We realize that many users of shape files will rename files to longer than eight characters and also use field names greater than eight characters. This occurs especially often in UNIX environments where programs will at times use .dbf file drivers that are not consistent with dBase specification in that they relax the naming conventions used by dBase. However, writing to longer file names and using longer field names is a violation of the .dbf spec and may well cause failed interchange with other software that takes the spec seriously.
Because so many ESRI applications, both in UNIX and in Windows, do not respect Windows standards for .dbf, Manifold System does not use Microsoft drivers to read / write .dbf files when importing or exporting shapefiles. Instead, a custom set of Manifold drivers are used that accept nonstandard file and field names. In addition, the Manifold drivers will allow writing of long file and field names that violate the dBase standard but which are acceptable to various ESRI applications.
Manifold's shapefile export will preserve data types consistent with .dbf practice whenever possible. Variable-length text data is exported as fixed-length text with 254 characters (since ArcExplorer 2.x and some other programs do not seem to be able to handle memo fields).
Exporting a .dbf file (either by exporting a table as a .dbf or by exporting a drawing as a shapefile) will set the .dbf codepage field to the codepage used by the columns in the exported table. If the columns use conflicting codepages or if the codepage is not supported by .dbf format, Manifold will display a warning message.
Importing a .dbf file (either by importing a table from a .dbf or by importing a drawing from a shapefile) sets the codepage of each text column to that used in the .dbf file.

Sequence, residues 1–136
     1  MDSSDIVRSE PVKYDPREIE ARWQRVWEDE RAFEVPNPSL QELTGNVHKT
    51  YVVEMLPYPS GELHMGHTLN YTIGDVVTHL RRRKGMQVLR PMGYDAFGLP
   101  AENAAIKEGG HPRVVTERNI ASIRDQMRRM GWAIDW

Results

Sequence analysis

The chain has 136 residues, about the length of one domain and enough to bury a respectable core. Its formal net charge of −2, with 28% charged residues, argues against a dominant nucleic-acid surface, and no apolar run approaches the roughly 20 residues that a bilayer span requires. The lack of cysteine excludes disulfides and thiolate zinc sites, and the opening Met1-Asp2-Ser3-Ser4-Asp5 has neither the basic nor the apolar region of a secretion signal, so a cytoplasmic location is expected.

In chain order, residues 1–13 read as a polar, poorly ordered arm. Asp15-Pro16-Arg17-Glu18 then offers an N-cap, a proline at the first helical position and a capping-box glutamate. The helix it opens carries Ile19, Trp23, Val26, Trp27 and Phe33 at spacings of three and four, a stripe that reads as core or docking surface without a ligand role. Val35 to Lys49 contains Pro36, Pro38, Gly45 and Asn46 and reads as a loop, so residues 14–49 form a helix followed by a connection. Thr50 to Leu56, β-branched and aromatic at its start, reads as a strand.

Exporting Projected Shapefiles
Because .shp format does not capture projection information it is unwise to export projected drawings into .shp format. However, if for some reason we absolutely must export projected data we should keep in mind the raw nature of data in projected form and the options used to represent locations in projected coordinate systems.
For example, suppose we have a drawing in some metric projection that uses local offsets of 100, 100 and local scales of 10, 10. Suppose we have a point the coordinates of which are 1, 2 in this coordinate system. When exporting this drawing as a .shp, sometimes we may want the coordinate numbers locating the point in the .shp file to be 1, 2 and sometimes 110, 120.
The Manifold .shp exporter does not transform the coordinate numbers in any way, so Manifold will always export 1, 2 for the coordinates of the point. If desired, we can force Manifold to export 110, 120 by first re-projecting the drawing into the coordinate system using local offsets of 0 and local scales of 1.
Exporting a PRJ File
To create a PRJ file to accompany the shapefiles for those software packages that can use ESRI PRJ files, use the Edit - Change Projection dialog's toolbar to save the coordinate information into a PRJ file. Name the file using the same name as the other shapefiles with the extension .prj.
It is tempting to use Manifold as a format converter, for example, to import from MapInfo .mif format and to save as .shp. However, since MapInfo like Manifold also allows longer file and field names than does .shp format it is very easy to import files that already contain field names or use file names incompatible with export to .shp. Such names must be renamed to fit into the limitations of .shp format before export.
If the results of .shp export from Manifold cannot be read by your .shp reading application, check the following:
Are all filenames in the "8+3" form? If not simplify the file names. Your application may not be able to handle long file names.
Are all field names no more than eight, simple alphanumeric (letters and numbers only) and not beginning with a number?
Have you used only simple database types (integers, fixed length text, etc.) for data attributes? Your application might not be able to recognize more sophisticated data types such as dates.
Edit - Change Projection